The omphalomesenteric system
Below the heart and parallel to the umbilical venous system a second venous network develops, the omphalomesenteric system. It empties into the sinus venosus. The omphalomesenteric veins are closely associated with the development of the duodenum and the liver and drain the blood of the umbilical vesicle.
With the development of the liver the omphalomesenteric veins form a thick hepatic plexus. They also anastomose with the umbilical veins. Through various transformative and degenerative processes the vena portae arises that brings the blood from the intestines into the liver. By this means the absorbed nutrients from the intestines can be taken up later through the liver and metabolized. On the other hand, a short-cut , the ductus venosus, is engendered from the thick network of anastomoses. Up to the time of birth, it takes the blood from the umbilical vein and the omphalomesenteric veins and directs it directly into the sinus venosus of the heart.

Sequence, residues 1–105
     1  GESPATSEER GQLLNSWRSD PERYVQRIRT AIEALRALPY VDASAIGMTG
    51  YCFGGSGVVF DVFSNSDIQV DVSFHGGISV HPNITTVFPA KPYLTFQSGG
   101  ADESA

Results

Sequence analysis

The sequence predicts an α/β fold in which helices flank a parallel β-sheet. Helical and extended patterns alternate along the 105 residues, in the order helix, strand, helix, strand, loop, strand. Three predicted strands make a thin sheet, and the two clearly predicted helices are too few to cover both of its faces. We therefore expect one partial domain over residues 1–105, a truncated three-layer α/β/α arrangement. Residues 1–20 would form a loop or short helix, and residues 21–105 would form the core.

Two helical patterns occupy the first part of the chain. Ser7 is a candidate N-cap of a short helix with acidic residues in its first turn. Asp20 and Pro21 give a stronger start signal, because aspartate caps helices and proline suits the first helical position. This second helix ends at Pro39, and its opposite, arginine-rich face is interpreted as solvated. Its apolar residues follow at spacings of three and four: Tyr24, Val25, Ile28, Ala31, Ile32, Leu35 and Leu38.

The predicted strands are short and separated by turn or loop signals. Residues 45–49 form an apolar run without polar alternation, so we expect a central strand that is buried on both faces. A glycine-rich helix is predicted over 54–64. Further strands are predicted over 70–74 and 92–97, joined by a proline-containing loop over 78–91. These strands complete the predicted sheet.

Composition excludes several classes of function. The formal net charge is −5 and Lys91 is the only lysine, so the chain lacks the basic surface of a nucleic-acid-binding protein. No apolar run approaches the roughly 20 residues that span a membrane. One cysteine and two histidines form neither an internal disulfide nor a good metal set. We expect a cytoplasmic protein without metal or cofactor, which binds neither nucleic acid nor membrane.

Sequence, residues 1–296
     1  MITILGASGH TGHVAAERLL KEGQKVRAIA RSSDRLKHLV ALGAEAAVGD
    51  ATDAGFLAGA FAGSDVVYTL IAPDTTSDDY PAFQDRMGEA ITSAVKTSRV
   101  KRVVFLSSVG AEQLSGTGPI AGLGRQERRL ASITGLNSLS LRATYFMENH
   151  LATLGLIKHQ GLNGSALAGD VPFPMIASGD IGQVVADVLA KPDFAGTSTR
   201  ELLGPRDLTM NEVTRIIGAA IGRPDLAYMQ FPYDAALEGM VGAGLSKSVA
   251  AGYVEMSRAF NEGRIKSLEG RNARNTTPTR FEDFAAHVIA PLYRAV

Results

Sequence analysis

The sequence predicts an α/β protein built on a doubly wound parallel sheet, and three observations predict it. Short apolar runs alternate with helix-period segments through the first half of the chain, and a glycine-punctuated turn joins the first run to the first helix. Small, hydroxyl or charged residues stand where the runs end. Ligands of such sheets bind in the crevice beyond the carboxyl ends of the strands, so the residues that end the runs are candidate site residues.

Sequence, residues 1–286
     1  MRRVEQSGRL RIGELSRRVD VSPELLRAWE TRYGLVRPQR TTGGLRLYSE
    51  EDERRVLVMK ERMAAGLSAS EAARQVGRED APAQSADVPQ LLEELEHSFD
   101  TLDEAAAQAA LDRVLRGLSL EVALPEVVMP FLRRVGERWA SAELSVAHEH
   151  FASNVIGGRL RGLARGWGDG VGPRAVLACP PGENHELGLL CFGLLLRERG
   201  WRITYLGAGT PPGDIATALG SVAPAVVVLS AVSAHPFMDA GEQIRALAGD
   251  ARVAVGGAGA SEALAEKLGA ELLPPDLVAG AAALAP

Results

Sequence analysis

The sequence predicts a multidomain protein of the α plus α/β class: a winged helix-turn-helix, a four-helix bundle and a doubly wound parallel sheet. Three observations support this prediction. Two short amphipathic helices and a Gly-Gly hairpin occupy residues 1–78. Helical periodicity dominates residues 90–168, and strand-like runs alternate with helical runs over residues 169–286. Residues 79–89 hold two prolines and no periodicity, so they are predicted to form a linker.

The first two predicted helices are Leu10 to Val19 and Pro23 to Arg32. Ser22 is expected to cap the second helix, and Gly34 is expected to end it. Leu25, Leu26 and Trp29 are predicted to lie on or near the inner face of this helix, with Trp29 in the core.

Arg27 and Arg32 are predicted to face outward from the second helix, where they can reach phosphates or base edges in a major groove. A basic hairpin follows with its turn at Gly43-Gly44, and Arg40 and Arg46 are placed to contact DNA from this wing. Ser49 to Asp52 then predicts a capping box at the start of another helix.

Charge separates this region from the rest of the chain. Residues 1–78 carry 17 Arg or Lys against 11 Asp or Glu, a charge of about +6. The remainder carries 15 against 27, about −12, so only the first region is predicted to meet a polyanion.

During the course of the early cardiac development the left sinus horn atrophies and with it the posthepatic part of the left omphalomesenteric vein. All of the blood from the liver is conveyed via the right omphalomesenteric vein to the sinus venosus. The prehepatic part of the omphalomesenteric veins also experiences various transformative processes in that individual parts around the duodenum atrophy and others become more pronounced.